The Great Legal Reformation (Live Post #ArkCM)
This is a live post from the Ark Law Firm Change Management Summit. This session is the keynote by Mitchell E. Kowalski M.A. LL.M. ICD.D., Barrister and Solicitor, Gowling WLG, Visiting Professor in Legal Innovation, University of Calgary Law School and Author of Avoiding Extinction: Reimagining Legal Services for the 21st Century. The session description is appended below.
Mitch will focus on the year 2030, 12 years out. Says this is at the far end of the planning range and not so close in time to be freaked out at. And it gives plenty of time for change management.
So how do we approach planning for 2030? Mitch reference the movie Fools Rush In. (RF: few in the audience, including me, know this flick.) The moral he draws from the movie is to focus on risk management.
Points out that firms are very good at internal risk management, eg, conflicts and ethics. But that firms are not focused on external risk management. Firms are too stuck on daily management and therefore often don’t see the external changes, opportunities, and threats.
Kodak never saw the move to digital media. Another company that missed the future was Blockbuster – Netflix killed the Blockbuster video start. The moral here is that consumer behavior did not change. The core behavior – take pictures, watch movies – was the same. The way they did changed dramatically.
Why is law different? Mitch asks his law school class on day one “What’s the purpose of law?”. Says it’s important to start with basics. Students come us with some good answers. But he never hears “the purpose of law is to give lawyers jobs”. When he points that out, the penny drops.
So if the purpose can be achieved without lawyers… what does that mean for lawyers? Clients will still need law but they will find other ways to get it.
Until recently: clients were not that price sensitive, clients perceived no alternatives, there were many lawyers willing to practice, and the tools to do work had not changed. But today, all of these prior pillars are in question:
Clients now are price sensitive and exhibit more aggressive buying behavior. Clients don’t complain about work or quality but they do complain about price and service delivery. In a private survey of UK GCs, Mitch found that 73% expected big changes in how they use law firms, mainly motivated by price.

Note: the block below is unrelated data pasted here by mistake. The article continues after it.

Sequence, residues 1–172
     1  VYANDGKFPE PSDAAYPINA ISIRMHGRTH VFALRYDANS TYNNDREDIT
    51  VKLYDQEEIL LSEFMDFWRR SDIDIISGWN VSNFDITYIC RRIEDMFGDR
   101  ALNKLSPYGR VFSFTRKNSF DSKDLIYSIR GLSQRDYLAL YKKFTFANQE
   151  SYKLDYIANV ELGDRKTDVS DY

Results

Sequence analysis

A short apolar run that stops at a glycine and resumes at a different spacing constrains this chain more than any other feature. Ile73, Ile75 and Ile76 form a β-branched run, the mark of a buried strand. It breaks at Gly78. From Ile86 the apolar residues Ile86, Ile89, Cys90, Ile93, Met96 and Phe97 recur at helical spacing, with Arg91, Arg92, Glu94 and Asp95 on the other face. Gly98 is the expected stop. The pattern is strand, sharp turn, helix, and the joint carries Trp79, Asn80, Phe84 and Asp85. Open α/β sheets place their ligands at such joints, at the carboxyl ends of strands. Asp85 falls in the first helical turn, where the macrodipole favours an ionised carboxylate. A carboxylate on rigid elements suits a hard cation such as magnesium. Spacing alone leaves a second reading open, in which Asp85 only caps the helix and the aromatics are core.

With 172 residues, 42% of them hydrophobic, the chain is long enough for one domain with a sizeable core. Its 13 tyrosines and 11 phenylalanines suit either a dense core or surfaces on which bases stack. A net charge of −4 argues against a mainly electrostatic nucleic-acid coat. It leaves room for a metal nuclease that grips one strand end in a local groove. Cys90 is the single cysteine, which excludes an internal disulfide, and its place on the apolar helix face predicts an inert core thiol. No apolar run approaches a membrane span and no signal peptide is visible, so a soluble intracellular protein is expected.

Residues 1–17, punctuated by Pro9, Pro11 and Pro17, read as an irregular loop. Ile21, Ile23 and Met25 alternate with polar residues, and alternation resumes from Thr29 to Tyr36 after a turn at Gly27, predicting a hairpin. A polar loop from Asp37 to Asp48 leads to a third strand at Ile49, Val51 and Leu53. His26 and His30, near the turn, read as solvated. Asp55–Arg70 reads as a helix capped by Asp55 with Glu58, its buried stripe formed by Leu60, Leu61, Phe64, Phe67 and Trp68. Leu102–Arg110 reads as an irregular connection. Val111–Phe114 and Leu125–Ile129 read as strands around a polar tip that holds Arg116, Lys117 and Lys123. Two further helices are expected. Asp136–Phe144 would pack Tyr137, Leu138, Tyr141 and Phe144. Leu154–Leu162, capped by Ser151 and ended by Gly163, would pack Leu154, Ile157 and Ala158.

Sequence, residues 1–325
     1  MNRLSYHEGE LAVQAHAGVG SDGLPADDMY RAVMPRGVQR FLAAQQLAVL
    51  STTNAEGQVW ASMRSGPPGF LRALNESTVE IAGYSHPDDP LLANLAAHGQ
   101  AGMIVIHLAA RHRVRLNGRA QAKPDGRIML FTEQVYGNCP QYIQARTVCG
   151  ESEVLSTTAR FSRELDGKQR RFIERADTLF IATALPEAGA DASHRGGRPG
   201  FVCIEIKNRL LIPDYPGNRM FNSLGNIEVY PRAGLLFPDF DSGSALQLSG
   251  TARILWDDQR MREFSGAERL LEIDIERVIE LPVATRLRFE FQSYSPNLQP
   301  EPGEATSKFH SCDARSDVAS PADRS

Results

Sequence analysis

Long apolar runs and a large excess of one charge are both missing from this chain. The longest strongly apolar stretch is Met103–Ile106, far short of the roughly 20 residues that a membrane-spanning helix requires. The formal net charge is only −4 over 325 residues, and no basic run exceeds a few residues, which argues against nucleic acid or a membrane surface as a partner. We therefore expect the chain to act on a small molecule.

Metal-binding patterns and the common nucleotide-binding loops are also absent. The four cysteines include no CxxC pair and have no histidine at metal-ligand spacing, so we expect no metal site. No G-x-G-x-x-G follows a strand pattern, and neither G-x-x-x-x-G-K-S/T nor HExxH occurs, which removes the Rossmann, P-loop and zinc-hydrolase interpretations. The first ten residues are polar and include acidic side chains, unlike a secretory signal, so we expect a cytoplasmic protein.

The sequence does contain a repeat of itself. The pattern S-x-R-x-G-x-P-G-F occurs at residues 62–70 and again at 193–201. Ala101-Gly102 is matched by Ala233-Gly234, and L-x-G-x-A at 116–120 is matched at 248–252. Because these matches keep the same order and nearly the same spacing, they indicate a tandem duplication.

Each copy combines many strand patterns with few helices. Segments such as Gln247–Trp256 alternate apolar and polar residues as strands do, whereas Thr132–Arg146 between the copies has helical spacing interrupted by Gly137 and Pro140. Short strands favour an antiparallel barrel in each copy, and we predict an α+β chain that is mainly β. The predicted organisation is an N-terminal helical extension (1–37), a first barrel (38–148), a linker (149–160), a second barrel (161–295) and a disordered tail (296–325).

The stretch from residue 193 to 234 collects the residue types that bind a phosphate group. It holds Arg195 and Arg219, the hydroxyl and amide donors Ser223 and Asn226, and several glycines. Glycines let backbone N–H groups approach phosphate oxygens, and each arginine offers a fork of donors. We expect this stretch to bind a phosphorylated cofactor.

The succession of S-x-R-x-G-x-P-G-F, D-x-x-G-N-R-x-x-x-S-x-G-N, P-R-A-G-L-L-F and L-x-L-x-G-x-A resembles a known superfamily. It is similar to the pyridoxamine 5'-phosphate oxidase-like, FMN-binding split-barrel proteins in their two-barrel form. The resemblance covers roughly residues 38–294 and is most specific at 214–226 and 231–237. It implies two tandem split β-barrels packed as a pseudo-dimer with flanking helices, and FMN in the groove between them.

Clients also intend to bring more work in-house. Points out the unexpected outcome that the customer can provide a service at lower cost on its own than the outsourced law firms can. This, he says, has given rise to alternative legal service providers and mentions the recent Elevate deal with Univar.
Millennials will be the biggest work cohort soon. This has implications for the legal market. They expect to change jobs frequently. Their average work tenure is 2 years. This has implications for law firm staffing models. References Daniel Pink book that finds that money is not the big motivator in creative / intellectual jobs. The drivers: autonomy, mastery, and purpose.
So millennials want the flexibility to work how they want to – and when + where too. They focus on right output, not specifics of how to get there. They also focus on purpose and impact – it’s not enough for them to focus on a small piece of work without seeing the big picture.
Millennials also don’t understand old ways of working. For example, it makes not sense for them to have to somewhere physical to sign documents. One study found they would rather give up sense of smell than their technology. But don’t assume they know how to use tech effectively. References D Casey Flaherty tech test / audit. Mitch says all his law students failed this test – and it’s basic MS Office and PDF tools. So millennials need training as much as anyone.
References Jason Browder, who created DoNotPay app that, at start, fought London parking tickets. His focus is making law free for the world. He is an outside, with a legal problem, who went outside the system to fix the problem. He’s a millennial. Next example is ROSS Intel – another example of outsiders coming in to fix problems.
Some firms, eg, Mishcon De Reya, have created incubators to bring legal tech into the system. Toronto has Legal Innovation Zone. Barclays Bank has just started a legal tech lab. Mitch says all this is accelerating.
So what is impact of the assessments above? We have a shifting landscape with clients changed, talent changed, tech changed, nature and place of work has changed. Mitch sees a resurgence of cottage industry approaches to solving legal problems. Another change: legal services as a team. There will be a team with thin layer of lawyers at top with much bigger teams of other professionals. This is “the end of scale”.
“Is Your Existing Business Structure Optimized for 2030?” Mitch suggests that most firms today are not.
The successful law firm of 2030 will emerge from the choices made by law firm leaders today. In order to create competitive advantage and deliver superior financial returns, law firms need to understand and adapt to the changing ecosystem in which they now live, as well as forecasting what that ecosystem will look like 10 or more years down the road; long term vision and strategy have therefore never been more important for law firms. Mitch Kowalski, examines the challenges law firms face now and in the future – then uses this perspective to suggest how these challenges will inform and reshape the legal service delivery model of 2030.
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